Well, today was Sunday and we met up at Khave in Hell’s Kitchen and we had a relaxing two and a half hour discussion over teas, smoothies, and tortilla chips. He was German, which I’d somehow completely glossed over on his profile, so naturally I was very interested in the difference between the two countries. (The two countries being Germany and the US, of course.) This is what I learned this afternoon:
On a date in Germany people don’t ask questions like “what do you do for work?”
Germans aren’t as connected to the fake sense of self like what you do, your religion, your politics, etc.
He didn’t know anyone who was religious growing up. Religion is never talked about in politics.
Germans are very direct. They say what they think and ask you what you think, mean, need.
Germans are also not flakey like Americans.
Institutions, like schools, are not there to tell kids what’s right and wrong – that’s left up to the parents.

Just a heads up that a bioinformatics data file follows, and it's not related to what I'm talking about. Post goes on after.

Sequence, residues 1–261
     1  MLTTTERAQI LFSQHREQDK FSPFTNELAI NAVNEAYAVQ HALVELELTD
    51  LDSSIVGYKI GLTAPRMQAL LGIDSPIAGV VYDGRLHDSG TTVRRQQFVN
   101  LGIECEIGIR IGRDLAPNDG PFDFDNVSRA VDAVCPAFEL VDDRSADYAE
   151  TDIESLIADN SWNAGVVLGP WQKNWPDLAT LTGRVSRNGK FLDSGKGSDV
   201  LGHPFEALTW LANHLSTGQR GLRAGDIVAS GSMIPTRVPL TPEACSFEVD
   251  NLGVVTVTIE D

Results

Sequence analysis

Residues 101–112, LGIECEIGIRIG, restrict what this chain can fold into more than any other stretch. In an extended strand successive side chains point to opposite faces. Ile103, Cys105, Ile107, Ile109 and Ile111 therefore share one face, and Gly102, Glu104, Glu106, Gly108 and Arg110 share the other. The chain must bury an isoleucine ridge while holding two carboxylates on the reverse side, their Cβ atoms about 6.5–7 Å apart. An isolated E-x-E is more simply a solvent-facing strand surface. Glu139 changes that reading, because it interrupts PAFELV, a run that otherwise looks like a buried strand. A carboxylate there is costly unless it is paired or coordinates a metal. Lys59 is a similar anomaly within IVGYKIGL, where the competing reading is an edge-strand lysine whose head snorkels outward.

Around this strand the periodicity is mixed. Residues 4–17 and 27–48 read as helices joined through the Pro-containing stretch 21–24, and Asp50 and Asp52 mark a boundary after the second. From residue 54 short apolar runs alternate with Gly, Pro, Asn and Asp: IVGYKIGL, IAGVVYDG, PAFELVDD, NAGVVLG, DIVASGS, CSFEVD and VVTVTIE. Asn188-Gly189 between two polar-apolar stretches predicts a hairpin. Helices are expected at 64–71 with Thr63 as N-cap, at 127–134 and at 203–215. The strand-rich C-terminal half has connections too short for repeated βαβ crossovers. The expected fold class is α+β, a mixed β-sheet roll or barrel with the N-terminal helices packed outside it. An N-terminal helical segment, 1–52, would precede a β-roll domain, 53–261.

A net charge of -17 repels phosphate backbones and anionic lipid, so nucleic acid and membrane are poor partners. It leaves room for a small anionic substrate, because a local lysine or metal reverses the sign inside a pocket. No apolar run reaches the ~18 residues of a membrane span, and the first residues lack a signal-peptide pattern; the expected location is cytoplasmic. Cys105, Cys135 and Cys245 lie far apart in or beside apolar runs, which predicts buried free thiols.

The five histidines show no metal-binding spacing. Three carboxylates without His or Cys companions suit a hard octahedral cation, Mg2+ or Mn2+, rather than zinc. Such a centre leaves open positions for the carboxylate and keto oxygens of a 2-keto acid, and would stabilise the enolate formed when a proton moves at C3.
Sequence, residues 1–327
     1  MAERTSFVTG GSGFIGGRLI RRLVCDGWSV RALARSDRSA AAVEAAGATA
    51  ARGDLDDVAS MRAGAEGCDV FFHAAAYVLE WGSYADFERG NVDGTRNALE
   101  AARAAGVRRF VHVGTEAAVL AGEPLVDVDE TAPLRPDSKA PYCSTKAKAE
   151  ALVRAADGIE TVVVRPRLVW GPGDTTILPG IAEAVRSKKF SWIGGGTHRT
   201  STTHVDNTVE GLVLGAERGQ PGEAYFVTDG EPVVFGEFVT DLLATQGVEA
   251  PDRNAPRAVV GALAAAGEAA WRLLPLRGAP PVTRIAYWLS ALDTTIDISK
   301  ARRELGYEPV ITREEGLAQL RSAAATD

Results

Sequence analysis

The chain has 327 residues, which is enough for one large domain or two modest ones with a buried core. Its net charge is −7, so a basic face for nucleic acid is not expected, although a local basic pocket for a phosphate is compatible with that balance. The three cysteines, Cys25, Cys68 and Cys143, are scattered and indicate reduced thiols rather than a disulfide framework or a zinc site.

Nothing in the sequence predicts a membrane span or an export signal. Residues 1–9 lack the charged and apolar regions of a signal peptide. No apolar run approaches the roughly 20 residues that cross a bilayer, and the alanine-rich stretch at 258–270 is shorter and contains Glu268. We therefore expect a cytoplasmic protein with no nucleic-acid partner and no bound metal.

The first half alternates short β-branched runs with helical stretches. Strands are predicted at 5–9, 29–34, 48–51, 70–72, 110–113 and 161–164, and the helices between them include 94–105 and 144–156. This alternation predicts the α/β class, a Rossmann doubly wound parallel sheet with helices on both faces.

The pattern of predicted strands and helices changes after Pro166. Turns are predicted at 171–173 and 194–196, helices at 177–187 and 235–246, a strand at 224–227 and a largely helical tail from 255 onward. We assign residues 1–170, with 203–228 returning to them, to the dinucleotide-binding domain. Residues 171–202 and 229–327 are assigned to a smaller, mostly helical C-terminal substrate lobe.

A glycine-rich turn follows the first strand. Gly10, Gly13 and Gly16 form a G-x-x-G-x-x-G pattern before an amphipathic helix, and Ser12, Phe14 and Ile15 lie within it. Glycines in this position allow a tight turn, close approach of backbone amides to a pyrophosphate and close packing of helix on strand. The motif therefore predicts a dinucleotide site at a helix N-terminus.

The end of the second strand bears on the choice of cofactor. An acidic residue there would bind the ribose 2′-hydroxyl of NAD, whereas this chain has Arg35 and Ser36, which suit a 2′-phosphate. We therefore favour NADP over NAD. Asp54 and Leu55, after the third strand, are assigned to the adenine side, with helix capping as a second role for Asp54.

Germans do not like to flaunt their money. If they’re wealthy they try to hide it. Germans are also known for being cheap.
On their political spectrum, Bill Clinton would’ve been seen as a very conservative candidate.
Germans hated George w. Bush. (Who, with half a brain, didn’t?)
When you’re born in Germany, you’re registered under one of four major religious groups: catholic, Protestant, Jewish, or Muslim. But 60-70% of the country identifies as atheist.
Scientology isn’t regarded as a religion in Germany. It’s regarded more a cult with economical mindset.
We also discussed Backlash Theory, Malcolm Gladwell, and Freakanomics (which I have yet to read!). Though I don’t know if we’ll see each other again, I know I had a really good time talking to him and I could totally see being friends.
On another note: If Germans are as direct as he says, I may need to think about learning German and moving there. Anyone have any tips for learning German?